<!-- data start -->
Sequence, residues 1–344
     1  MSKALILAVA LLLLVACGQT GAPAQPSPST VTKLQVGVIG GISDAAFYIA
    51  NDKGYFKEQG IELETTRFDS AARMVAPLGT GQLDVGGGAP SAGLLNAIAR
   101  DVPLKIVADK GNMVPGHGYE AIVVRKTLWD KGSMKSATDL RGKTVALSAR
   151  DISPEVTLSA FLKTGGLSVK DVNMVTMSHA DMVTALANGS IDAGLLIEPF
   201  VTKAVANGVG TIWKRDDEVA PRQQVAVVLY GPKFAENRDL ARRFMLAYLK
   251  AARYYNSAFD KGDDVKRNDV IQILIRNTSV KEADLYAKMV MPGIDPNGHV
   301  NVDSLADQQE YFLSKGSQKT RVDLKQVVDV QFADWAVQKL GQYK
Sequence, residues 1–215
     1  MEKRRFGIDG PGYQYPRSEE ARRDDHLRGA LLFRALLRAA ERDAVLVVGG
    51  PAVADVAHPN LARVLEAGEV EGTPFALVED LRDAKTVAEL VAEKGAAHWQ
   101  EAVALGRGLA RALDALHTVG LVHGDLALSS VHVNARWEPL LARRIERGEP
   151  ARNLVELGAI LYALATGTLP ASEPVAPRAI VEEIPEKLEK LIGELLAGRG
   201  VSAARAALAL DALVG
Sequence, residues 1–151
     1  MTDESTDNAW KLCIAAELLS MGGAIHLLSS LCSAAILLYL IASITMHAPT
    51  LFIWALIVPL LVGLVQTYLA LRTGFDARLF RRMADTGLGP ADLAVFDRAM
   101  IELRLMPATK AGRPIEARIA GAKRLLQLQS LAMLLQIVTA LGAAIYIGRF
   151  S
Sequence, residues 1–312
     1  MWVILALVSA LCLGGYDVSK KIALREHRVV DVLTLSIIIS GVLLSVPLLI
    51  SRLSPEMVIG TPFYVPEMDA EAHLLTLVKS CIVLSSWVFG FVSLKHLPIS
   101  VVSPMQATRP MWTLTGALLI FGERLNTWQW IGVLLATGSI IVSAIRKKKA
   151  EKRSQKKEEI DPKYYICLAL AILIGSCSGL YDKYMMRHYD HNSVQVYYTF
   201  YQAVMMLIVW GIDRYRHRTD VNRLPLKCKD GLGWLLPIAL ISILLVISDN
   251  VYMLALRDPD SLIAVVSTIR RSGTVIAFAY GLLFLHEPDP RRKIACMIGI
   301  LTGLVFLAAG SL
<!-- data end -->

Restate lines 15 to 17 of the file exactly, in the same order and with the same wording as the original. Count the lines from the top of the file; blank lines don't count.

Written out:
Sequence, residues 1–151
     1  MTDESTDNAW KLCIAAELLS MGGAIHLLSS LCSAAILLYL IASITMHAPT
    51  LFIWALIVPL LVGLVQTYLA LRTGFDARLF RRMADTGLGP ADLAVFDRAM